by Kat Schulte | Jan 5, 2021
References to “self-care” in popular culture are often actually pointing to self-soothing practices. Both are meaningful, and it is important we know the difference. Popular #selfcare ideas — bubble baths, candles, tea — are self-soothers. They relieve tension, stress, or anxiety in the moment. True self-care, on the other hand, is long term habits that build our resilience against stress and burnout. Self-care is the way we shape our lives so we have the energy we need day in and day out to live the life we want. It is the way we care for ourselves so we don’t hit burnout.
True self-care is utilizing long term habits that build resilience against stress and burnout.
In attempts at self-care we often seek out work-life balance, but this idea of balance creates a false dichotomy. Work is a part of life, and while it can be a grind it can also hold great meaning and value. In their book, Nine Lies about Work: A freethinking leader’s guide to the real world, Marcus Buckingham and Ashley Goodall propose, “Burnout isn’t the absence of balance; it is the absence of love.” Their argument, conveniently backed up by heaps of data, is that infusing our work with activities we love and find energizing is how we care for ourselves and beat burnout. It’s not about working less, but about enjoying what we do while we work.
“Burnout isn’t the absence of balance; it is the absence of love.”
Buckingham & Goodall
Integrating Strengths into work combats burnout.
The key to weaving more love into your work is identifying and integrating your Strengths into your work. The Gallup organization has found, “Workplace burnout is reduced to near zero among engaged employees with high wellbeing who also work in a culture that honors individual strengths,” and by that they mean using our strengths every day. The data is compelling. Workers who report using their strengths every day are:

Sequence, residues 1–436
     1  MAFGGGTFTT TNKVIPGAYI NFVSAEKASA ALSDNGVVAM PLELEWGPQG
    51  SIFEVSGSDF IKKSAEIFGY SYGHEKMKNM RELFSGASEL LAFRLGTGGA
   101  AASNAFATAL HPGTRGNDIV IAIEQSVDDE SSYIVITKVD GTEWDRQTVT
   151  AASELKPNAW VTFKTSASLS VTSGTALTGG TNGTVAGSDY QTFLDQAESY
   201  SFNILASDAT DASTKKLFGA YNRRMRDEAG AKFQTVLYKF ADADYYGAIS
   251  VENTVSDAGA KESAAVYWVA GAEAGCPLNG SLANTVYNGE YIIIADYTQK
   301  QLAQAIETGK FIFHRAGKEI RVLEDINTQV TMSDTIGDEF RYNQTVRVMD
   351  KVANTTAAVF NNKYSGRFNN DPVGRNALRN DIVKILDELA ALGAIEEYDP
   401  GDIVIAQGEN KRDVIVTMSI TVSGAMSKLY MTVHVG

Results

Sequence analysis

- 3x as likely to report having an excellent quality of life
- able to complete a 40 hour work week without burnout (compared to 20hour weeks bringing burnout to those who don’t use their strengths everyday).
Weaving strengths into work appears to be a self-care superfood.
Most workers feel empowered to modify their roles to fit their strengths, but few take action.
Most people still don’t integrate their strengths into their work, even when they feel empowered to do so. One study Buckingham and Goodall site from The Global Study of Engagement had some fascinating findings:
- Only 16% of workers say, “I have the chance to use my strengths at work everyday.”
- 72% of workers report, “I have the freedom to modify my role to fit my strengths.”
These numbers tell us a few things: Most workers are at high risk for burnout, many have the opportunity to change, and few do.
We grow what we pay attention to.
With a global pandemic thrusting added stressors upon workers, 16% is too low a percentage to be accessing such a solid self-care shield from burnout. There is more life to be had at work. And the good news is that you grow what you pay attention to. Turning just a bit of intentional attention toward your strengths can develop and equip these strengths to be deeply integrated into life at work.
- This FREE 10-minute practice connects you with your strength so you can do what you do best. Every. Single. Day. You will be guided to more flow and less drag as you sit with gratitude and awareness of your unique strengths
- The Strengths 101 and 201 programs invite you to unpack and develop your own unique talents and to learn how to harness the power of your talents for increased effectiveness and flow in all you do.